Creating new income for farmers. Leasing a portion of their property for solar development can provide a much-needed stabilizing source of income for farmers. With one common arrangement, farmers can lease a portion of their property for the life of the project – usually up to 30 years. If a solar farm is built and becomes operational, the solar company pays the landowner for use of the property on which the solar array is located. Plus, the farmer can also become a subscriber to the solar project, receiving additional savings on their electric bill, which will vary by state and program.5
For case studies and more detail on how farmers are impacted by community solar, see a 2020 report by SEIA called How Community Solar Supports American Farmers.
Providing access to clean, affordable energy for those who most need it. Disadvantaged rural residents who most need the cost savings of solar energy are often the least able to receive it, due to a lack of homeownership or resources to pay for solar panel installation. Residents who live on farms with unstable income, in rural manufactured home parks, other low income housing, or on tribal lands where many indigenous people may live below the Federal poverty level often lack stable access to energy. Community solar offers access to reliable, clean energy and its much-needed cost savings.
For example, the Cannon Ball Community Solar Farm in North Dakota will save the Sioux Nation community an estimated $7,000 to $10,000 annually in energy costs. The savings generated allowed the tribe to build a community center and gym, and to establish a scholarship program.6
Improving local economies and helping with climate goals. In addition to providing the farmer with stable income, community solar sometimes help all local residents by lowering local taxes.7 As in cities, local solar farms or gardens also bring new well-paying jobs and training opportunities to stimulate the community. Solar farms also help states and rural towns hit their clean energy and climate goals without disrupting agricultural production.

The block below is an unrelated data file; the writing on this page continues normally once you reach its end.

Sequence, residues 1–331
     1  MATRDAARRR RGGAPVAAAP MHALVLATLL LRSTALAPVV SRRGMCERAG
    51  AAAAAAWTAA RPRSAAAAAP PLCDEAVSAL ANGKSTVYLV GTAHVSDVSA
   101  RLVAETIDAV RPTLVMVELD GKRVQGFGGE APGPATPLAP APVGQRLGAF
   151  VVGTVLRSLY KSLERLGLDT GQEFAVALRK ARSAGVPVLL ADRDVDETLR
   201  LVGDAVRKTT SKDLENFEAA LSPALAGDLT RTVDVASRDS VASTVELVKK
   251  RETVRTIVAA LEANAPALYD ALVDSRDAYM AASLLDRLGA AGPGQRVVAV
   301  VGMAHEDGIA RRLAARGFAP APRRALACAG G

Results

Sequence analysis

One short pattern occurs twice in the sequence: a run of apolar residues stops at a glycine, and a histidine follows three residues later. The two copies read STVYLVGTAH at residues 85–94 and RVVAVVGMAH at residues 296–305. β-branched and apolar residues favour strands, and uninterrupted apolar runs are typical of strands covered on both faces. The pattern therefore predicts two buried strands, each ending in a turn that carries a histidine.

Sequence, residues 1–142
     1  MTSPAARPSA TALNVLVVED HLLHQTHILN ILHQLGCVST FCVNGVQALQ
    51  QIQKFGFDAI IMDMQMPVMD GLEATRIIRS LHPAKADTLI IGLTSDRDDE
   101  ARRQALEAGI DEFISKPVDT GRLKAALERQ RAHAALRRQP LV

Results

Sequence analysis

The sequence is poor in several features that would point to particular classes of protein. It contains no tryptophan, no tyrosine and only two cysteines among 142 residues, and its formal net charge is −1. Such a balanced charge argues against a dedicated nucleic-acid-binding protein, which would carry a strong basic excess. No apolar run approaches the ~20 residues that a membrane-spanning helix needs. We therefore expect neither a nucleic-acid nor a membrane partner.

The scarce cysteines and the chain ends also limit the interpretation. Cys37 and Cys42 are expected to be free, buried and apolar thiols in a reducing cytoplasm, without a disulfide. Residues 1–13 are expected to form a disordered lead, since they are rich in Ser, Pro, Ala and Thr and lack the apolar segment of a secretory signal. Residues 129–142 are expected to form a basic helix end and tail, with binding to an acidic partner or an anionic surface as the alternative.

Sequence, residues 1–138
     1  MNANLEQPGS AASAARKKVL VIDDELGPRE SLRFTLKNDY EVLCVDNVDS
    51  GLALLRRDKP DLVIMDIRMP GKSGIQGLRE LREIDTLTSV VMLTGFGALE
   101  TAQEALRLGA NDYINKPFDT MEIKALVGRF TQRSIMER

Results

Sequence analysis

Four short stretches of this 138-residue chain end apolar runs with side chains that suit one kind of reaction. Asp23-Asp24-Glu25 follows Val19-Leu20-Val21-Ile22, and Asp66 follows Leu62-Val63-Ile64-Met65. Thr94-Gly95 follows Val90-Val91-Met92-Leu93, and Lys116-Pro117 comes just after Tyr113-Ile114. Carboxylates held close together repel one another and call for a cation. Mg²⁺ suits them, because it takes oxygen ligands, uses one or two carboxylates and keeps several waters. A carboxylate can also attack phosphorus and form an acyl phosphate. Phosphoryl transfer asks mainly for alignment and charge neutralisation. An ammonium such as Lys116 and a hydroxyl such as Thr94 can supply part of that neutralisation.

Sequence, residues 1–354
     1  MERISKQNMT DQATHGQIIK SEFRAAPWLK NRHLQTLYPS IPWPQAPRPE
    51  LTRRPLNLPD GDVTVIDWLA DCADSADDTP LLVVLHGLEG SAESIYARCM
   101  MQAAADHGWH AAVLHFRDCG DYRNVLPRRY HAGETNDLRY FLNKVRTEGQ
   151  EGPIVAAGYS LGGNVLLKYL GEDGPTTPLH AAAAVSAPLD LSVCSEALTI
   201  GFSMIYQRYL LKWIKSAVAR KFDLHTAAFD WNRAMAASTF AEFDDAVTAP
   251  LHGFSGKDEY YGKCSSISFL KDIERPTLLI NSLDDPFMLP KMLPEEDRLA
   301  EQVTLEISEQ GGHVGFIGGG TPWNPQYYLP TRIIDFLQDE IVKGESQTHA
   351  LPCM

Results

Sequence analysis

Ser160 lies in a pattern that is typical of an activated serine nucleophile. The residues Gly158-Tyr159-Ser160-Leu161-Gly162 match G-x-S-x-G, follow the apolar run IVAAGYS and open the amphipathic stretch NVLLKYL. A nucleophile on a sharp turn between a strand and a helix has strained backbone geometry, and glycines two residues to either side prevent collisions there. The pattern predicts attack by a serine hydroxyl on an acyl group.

Delivering additional environmental and land use benefits. When feasibility studies are done, community solar farms can make great use of otherwise untillable land, such as landfills – generating clean energy from what were previously unusable sites.8 Community solar in rural areas also delivers pollution-free energy and helps protect farm land from the environmental hazards of fossil fuel energy. Agricultural areas are also surprisingly high producers of greenhouse gases9 – so community solar farms can help counteract these effects. But there are also environmental benefits when solar arrays create a habitat for pollinators such as bees and birds, or when sheep are brought in to help maintain vegetation on project sites.
Growing in popularity in the western United States and in developing countries, agrivoltaics is the simultaneous use of land for solar power generation and agriculture. This involves installing solar arrays over certain crops that can benefit from the shade from the panels, such as root vegetables and leafy greens.10
Wherever you live, one thing is clear: Community solar makes it easy for residents and the larger community to access the environmental and cost savings benefits of solar – and it delivers other benefits, too. See if there’s a solar farm near you, and sign up today.